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Federal Efforts at Tort Reform

Article provided by Chicago Personal Injury Lawyers - Steinberg, Burtker & Grossman, Ltd.

Last year, the Illinois Supreme Court rejected damage caps in medical malpractice cases. Now federal legislation has been introduced seeking to limit non-economic damages in nursing home negligence andmedical malpractice claims while shortening the statute of limitations. This of course represents politicians efforts to once again cater to the insurance lobby. This is of course contrary to objective evidence that such measures have a negligible effect on overall costs while drastically curtailing individual legal rights.

The Help Efficient, Accessible, Low-Cost, Timely Healthcare (HEALTH) Act of 2011 (H.R. 5), introduced in January, would also restrict liability in cases involving unsafe drugs and medical devices. This results from the efforts of the drug manufacturer lobby. The primary feature of the bill is a $250,000 cap on non-economic damages. But this rush to radically alter America's system of civil liability is not without vocal opponents.

Approximately 24 state and national consumer and public interest groups recently voiced their strong opposition to the proposed law in a letter to the House Judiciary Committee. The group roundly condemned the short-sighted strategies outlined in the bill, arguing that "caps on non-economic damages do nothing but stop the most severely injured patients from getting adequate compensation." But other aspects of the bill are also very troubling:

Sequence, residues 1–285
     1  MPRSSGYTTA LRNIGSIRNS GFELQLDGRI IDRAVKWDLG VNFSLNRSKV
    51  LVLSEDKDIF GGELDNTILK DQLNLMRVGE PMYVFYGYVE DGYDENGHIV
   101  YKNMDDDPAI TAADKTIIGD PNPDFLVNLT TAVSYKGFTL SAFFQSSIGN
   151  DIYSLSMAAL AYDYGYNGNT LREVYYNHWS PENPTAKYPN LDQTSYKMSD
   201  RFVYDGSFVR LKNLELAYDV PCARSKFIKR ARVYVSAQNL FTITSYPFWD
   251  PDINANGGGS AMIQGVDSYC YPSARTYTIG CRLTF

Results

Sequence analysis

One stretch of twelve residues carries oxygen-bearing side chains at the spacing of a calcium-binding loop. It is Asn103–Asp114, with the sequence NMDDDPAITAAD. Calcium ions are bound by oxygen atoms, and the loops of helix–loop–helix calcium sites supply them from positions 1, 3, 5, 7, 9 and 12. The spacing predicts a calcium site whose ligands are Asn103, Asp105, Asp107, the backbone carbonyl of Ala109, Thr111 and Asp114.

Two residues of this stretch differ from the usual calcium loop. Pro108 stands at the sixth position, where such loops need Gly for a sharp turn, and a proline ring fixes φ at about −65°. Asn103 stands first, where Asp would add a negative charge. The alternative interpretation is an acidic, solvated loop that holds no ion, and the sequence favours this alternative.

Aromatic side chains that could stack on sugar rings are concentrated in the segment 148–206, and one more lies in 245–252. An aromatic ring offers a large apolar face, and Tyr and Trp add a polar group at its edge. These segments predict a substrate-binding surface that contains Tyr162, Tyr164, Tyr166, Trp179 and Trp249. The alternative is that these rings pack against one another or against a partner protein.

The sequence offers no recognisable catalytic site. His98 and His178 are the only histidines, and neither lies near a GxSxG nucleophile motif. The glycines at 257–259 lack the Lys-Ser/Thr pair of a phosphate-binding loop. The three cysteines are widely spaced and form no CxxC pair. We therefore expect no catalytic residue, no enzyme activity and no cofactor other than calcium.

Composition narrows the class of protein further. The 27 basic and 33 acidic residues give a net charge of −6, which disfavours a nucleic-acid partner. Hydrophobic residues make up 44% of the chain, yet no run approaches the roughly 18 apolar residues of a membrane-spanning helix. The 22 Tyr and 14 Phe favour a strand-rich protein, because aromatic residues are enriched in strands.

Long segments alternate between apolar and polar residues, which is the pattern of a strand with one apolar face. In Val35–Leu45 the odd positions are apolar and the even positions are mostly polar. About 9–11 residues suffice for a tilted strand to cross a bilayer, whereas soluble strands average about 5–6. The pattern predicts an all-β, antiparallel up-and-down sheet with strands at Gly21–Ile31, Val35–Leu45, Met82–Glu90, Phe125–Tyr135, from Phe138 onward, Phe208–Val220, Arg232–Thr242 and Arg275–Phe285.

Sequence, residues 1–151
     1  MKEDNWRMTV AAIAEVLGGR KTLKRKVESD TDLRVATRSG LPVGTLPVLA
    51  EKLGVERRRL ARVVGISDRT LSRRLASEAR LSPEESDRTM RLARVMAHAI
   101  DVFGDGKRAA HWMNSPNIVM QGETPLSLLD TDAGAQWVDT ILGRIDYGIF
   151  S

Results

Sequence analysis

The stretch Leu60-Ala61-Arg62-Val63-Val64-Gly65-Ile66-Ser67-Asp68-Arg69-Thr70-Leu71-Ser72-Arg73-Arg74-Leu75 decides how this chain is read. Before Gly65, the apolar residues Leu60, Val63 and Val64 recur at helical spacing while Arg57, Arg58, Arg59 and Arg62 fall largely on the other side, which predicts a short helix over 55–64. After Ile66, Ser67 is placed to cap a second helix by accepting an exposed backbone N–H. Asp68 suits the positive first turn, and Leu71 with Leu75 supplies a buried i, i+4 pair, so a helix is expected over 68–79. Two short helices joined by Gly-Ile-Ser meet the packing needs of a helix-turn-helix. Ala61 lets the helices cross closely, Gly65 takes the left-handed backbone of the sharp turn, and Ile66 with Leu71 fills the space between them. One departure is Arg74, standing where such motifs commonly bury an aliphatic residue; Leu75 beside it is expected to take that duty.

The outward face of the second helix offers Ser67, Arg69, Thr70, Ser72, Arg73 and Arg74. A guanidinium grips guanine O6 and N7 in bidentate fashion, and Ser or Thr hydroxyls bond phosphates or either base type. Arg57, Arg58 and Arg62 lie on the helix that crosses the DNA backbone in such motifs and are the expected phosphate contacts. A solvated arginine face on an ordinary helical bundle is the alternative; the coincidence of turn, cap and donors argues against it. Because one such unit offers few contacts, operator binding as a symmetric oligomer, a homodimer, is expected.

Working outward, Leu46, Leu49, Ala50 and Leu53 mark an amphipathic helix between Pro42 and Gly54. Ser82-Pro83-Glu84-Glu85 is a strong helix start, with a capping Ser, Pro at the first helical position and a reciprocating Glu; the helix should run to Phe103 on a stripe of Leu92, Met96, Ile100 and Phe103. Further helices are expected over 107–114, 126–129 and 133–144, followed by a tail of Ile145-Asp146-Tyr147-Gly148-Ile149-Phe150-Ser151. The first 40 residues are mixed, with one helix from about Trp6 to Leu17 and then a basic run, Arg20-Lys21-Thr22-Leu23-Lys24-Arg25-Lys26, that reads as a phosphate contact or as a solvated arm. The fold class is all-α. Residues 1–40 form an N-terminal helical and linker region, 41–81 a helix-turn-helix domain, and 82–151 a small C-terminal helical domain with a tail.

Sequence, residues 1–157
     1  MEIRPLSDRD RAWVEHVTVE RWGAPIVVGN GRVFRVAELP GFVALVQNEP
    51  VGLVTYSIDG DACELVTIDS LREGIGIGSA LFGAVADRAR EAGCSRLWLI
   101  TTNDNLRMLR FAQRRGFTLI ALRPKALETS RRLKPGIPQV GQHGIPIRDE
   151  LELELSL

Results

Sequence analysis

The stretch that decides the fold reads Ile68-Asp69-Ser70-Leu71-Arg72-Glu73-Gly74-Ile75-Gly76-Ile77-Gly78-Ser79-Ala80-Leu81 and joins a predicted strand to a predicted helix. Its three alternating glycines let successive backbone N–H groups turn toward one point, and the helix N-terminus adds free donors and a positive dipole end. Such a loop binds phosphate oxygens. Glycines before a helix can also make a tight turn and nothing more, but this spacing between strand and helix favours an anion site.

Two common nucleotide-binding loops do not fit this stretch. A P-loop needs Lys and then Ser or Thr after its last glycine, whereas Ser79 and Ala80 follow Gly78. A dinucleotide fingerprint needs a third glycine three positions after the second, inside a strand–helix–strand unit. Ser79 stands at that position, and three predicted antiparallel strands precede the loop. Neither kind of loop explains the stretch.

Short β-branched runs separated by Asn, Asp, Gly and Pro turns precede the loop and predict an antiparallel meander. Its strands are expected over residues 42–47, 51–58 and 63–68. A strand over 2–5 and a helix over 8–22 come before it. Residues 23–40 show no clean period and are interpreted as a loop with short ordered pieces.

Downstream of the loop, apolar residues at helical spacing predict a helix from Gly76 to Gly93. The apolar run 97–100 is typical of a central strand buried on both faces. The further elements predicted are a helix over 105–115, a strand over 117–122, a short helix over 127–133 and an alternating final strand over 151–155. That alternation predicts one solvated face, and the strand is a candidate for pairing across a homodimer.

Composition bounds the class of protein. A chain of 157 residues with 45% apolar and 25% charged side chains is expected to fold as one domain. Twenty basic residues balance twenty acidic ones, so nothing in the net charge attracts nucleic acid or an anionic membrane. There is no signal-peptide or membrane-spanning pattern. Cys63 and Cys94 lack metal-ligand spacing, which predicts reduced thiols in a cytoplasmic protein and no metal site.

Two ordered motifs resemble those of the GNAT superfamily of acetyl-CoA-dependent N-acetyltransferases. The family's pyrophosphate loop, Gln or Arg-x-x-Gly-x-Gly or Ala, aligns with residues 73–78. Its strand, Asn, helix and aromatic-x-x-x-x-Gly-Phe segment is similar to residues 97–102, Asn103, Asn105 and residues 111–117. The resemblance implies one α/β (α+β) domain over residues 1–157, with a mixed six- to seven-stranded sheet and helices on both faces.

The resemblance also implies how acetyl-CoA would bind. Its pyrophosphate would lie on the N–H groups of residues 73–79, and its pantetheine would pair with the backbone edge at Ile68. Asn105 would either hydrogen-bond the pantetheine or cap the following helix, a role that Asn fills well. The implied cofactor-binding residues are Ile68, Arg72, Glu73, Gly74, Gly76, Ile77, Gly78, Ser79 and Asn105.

H.R. 5 would impose a statute of limitations that is much more restrictive than current provisions in many states

The bill eliminates the concept of joint and several liability, which allows a plaintiff to obtain full damages from any single defendant who is fully responsible for an injury

The proposed HEALTH Act of 2011 limits contingency fee arrangements, which are the only means by which most citizens can afford sufficient representation to oppose insurance company lawyers

H.R. 5 would impose a strict new standard for proof of the need for punitive damages, which are often the only way to make the most negligent providers change their ways

Perhaps worst of all, such federal reforms would impose from above the types of "tort reform" that have already been definitively rejected in many states. The authors of the letter conclude with a powerful statement: "Health care reform should not be accomplished by taking away the legal rights of patients who are injured through no fault of their own, or reducing the accountability of those who commit wrongdoing." Every concerned American should contact their Senators and Congressmen to express similar views.

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